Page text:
61  end;
63  end.

You were expecting some complex code, weren't you? In actuality, this stuff is 
incredibly simple. So why isn't it documented very well? I'd say it's because this 
is one of the more uncommon things done in Delphi. But for those of you who wish to 
really get into the innards of the environment, this stuff is a must to understand 
and master. Let's look a little deeper into the code.

The program consists of a form with a TEdit and a TListBox dropped onto it. It has 
just two meaningful methods: FormCreate and FormClose. In the FormCreate method,

64  procedure TForm1.FormCreate(Sender: TObject);
65  var
66    strm: TFileStream;
67  begin
68    if FileExists('MyList.DAT') then
69    begin
70      strm := TFileStream.Create('MyList.DAT', fmOpenRead);
71      strm.ReadComponent(ListBox1);
72      strm.Free;
73    end;
74  end;
76  the program checks for the existence of MyList.DAT with a call to FileExists, which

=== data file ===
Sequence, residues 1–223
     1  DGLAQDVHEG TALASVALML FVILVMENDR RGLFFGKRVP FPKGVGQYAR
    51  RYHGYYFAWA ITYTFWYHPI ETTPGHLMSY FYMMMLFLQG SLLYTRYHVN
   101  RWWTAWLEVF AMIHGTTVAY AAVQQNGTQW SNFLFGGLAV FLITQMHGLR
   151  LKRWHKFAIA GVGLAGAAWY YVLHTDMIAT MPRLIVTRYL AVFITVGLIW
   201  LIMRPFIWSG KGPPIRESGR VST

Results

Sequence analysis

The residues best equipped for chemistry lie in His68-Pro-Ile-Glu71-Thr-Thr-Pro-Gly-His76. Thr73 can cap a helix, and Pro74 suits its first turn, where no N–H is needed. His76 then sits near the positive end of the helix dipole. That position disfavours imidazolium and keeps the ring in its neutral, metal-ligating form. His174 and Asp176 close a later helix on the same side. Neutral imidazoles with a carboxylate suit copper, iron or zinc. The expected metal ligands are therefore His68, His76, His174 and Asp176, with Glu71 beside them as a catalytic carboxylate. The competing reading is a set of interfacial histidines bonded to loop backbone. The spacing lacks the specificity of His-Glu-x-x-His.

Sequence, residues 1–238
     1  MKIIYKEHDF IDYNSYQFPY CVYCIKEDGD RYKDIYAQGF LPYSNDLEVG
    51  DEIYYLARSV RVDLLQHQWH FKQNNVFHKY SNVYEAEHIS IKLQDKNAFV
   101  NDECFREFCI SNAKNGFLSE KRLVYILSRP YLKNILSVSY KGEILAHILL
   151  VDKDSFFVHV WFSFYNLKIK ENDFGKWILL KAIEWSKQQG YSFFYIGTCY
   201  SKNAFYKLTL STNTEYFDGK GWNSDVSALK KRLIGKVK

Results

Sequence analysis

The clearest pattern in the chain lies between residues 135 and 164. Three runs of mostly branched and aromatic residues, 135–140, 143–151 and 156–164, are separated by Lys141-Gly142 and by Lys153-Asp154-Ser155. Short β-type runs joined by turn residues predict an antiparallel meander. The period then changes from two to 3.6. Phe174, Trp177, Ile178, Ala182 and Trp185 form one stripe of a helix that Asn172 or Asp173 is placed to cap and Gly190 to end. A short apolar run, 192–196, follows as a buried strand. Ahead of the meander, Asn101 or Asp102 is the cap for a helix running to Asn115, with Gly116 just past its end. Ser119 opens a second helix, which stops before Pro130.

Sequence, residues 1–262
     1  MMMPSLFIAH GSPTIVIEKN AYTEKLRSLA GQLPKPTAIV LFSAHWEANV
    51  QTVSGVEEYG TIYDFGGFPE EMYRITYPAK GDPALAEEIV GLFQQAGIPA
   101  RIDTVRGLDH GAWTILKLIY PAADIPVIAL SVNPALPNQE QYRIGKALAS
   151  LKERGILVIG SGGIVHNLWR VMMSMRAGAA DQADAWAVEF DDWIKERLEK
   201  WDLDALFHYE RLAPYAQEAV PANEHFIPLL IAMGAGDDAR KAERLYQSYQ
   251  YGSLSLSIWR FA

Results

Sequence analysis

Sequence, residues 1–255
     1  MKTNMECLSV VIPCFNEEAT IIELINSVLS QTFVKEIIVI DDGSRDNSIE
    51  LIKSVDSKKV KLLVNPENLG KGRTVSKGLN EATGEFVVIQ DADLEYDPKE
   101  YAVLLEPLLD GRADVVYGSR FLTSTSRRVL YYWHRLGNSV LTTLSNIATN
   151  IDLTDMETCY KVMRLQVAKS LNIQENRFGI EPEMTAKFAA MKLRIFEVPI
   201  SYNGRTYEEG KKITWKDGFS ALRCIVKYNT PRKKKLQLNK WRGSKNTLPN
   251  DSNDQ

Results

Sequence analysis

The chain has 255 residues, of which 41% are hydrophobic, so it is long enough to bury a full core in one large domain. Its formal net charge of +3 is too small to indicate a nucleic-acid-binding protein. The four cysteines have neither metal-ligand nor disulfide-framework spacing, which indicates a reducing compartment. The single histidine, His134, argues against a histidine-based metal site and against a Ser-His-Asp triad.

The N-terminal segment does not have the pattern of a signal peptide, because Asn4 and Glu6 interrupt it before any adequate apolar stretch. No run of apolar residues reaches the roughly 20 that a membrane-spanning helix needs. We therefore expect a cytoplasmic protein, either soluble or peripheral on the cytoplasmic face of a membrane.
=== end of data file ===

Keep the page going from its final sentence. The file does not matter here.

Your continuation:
77  is the stream file that holds the list box information. if it exists, the file is 
78  streamed into ListBox1; otherwise, it does nothing. with the FormClose method,
80  procedure TForm1.FormClose(Sender: TObject; var Action: TCloseAction);
81  var
82    strm: TFileStream;
83  begin
84    strm := TFileStream.Create('MyList.DAT', fmCreate);
85    strm.WriteComponent(ListBox1);
86    strm.Free;
87  end;

the program writes ListBox1 out to MyList.DAT, overwriting any previous versions of 
the file.

That's all there is to this program. Surprisingly, this is one of the more simple 
things to do in Delphi, but paradoxically it's one of the most difficult things to 
find good information about in the manuals or help file. Granted, as I mentioned 
above, doing this type of stuff is fairly uncommon, but think of the implication: 
simple, low overhead, persistent storage without the need for tables. What was 
accomplished above was done in fewer than 10 lines of code &mdash that's absolutely 

I urge you to play around with this technique and apply it to other things. I think 
you'll get a lot of mileage out of it.

A demonstration program is available

Vote: How useful do you find this Article/Tip?
Bad Excellent
1 2 3 4 5 6 7 8 9 10


Share this page
Download from Google

Copyright © Mendozi Enterprises LLC